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Will We Witness a New American Approach with Kurds of Syria?

Faredon Qiju

Since USA announced its support for Syrian Kurds, militarily, in combating ISIS, it has always proceeded along these lines and also, has always avoided any political recognition of a region rich in wealth and has the greatest influence among all other regions of the country. The question is always: Why does America follow this policy, as long as it remains in the region in the long run?

We must remember the nature of its relationship with Kurds in general, regarding this policy, and specifically the relationship with Kurdistan Region of Iraq. As the United States has consistently, dealt with Kurds in Iraq as part of a united Iraq, by imposing certain policies on the Kurdish government there. As well as, pressure it to deal, in whatever manner, with the Iraqi central government and to move away from any independent ambition.

Perhaps it also comes back to our minds how the American position was negative towards the announcement of the "independence referendum" that took place several years ago. As American diplomacy was clear in this regard, by pressing Barzani to refrain from conducting any referendum that would disturb the composition of its policy in Iraq and the region.

Therefore, it is necessary to approach the recent old experience and the new American alliance with Syrian Kurds. As America pursued the same policy in dealing with Kurdish forces in Syria, however, with some slight differences among both cases. It, also, remained supportive of Kurds in the military term only; limiting their role to combating terrorism solely and often indicating a long-term stay in the Kurdish region. This puts us before cautious predictions and optimism bound to developments in Syria, as well as the earnestness of the United States.

Of course, American policy depends on interests first, as it is not reasonable for a country of this status to neglect its policy and allies in the region just because Syrian Kurds are powerful allies in their war on terrorism. As Turkish satisfaction is a high priority in American foreign policy, given that both sides are bound by indispensable old alliances.

Current President Donald Trump has publicly admitted that it is difficult to give up and enrage Turkey. The recently released book of John Bolton, the former US National Security Adviser, has revealed the content of the call between Trump and Erdogan and the fact that he gave him the green light for military intervention in some Kurdish areas.
Bolton did not only start with the revelation of President Trump rather he also pointed to the negative role played by the US special envoy to Syria, James Jeffrey, who appeared to have played a prominent role in inciting and encouraging President Trump to allow Turkey to intervene militarily in Kurdish areas along the borders. As he criticized in his book Jeffrey’s talk, when he stated at a press conference in August 2019, “There have been no talks with Turks on protecting Kurds or halting the invasion, as they don't consider it an invasion.” Indeed, just two months after this statement, the Turkish army conducted an incursion with pro-Turkish Syrian factions in the area of Tell Abyad and Ras Al-Ain, as a result this current situation took place.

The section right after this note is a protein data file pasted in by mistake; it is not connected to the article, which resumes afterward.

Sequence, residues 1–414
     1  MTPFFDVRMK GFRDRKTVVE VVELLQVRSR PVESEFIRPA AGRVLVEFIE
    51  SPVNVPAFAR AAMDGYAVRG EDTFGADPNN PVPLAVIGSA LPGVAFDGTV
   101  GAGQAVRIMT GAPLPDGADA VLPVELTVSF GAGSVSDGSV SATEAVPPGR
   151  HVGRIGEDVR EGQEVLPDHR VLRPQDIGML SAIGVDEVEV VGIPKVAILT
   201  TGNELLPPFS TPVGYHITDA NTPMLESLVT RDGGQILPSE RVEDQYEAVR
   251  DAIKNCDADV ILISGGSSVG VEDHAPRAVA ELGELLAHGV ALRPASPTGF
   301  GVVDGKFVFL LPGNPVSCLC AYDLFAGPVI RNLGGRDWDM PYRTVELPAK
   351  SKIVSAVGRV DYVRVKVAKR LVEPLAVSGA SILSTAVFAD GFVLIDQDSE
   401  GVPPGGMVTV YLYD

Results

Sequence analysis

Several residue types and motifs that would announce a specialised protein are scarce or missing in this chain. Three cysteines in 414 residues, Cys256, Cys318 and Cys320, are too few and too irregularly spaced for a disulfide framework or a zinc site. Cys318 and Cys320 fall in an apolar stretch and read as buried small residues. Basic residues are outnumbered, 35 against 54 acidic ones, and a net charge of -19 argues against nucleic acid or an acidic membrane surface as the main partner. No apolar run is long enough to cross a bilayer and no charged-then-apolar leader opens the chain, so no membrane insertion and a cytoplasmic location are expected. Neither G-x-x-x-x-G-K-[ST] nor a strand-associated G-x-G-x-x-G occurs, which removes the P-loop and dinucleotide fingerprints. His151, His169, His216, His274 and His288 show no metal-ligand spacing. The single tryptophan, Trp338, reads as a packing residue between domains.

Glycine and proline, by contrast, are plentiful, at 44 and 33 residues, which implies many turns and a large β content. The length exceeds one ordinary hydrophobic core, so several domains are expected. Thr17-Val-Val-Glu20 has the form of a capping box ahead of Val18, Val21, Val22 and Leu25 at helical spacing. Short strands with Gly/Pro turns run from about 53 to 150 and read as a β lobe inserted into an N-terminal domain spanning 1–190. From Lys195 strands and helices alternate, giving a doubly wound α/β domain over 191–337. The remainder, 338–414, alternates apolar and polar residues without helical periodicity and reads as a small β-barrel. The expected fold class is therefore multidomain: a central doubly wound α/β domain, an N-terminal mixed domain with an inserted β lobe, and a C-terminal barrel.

Usually, we are accustomed to the fact that there are no absolute standards in politics, especially in a country of a great power like America; a country that controls the course of events in countries of conflict. There is a close variant looming in the horizon that might suggest a glimmer of hope for achieving something for Syrian Kurds, despite all these precursors that Kurds have been subjected to as a result of these standards. For the Turkish threats, after the invasion of Tell Abyad and Ras Al-Ain, have become a serious threat to the rest of regions and the American spheres of influence as well. Consequently, the American decision comes to rise up on wrong decisions made by Trump regarding this matter, as well as limiting the expansion of Turkey.

Those hopes rose recently when the US, in coordination with the initiative of SDF commander; Mazloum Abdi, that called on both the Kurdish National Council and the Democratic Society Movement to the necessity of holding meetings between both parties; in order to reach a comprehensive agreement for controlling the region, consequently, representing their cause in international forums. This in its turn may limit Turkey’s allegedly fixed pretexts, that there is one party controlling the region and it must be fought and eliminated.

In fact, American diplomacy managed to put pressure on both parties; by undertaking marathon negotiations. They resulted in agreement on a document of political principles for the future of Syria, the Kurdish region and the evident position of the Syrian regime and neighboring countries. Hence, allowing the identification and detection of some kind of relative seriousness of America in how to deal with rapid developments in the country and the Kurdish region.
Based on these new shifts initiated by the United States, we can say that the change in its policies towards Kurds in Syria has begun to take a turn of transformation, coinciding with the oversight and practical supervision of the currently ongoing negotiations between both political Kurdish parties. This indicates America's entry into the depth of the Kurdish policy and its prolonged search for its own foothold in Syria, which implies opening a gate to the Syrian interior, namely; through Kurds.

Will the political overt engagement of the United States with the Syrian Kurds, for the first time, create a new approach with Syrian Kurds?

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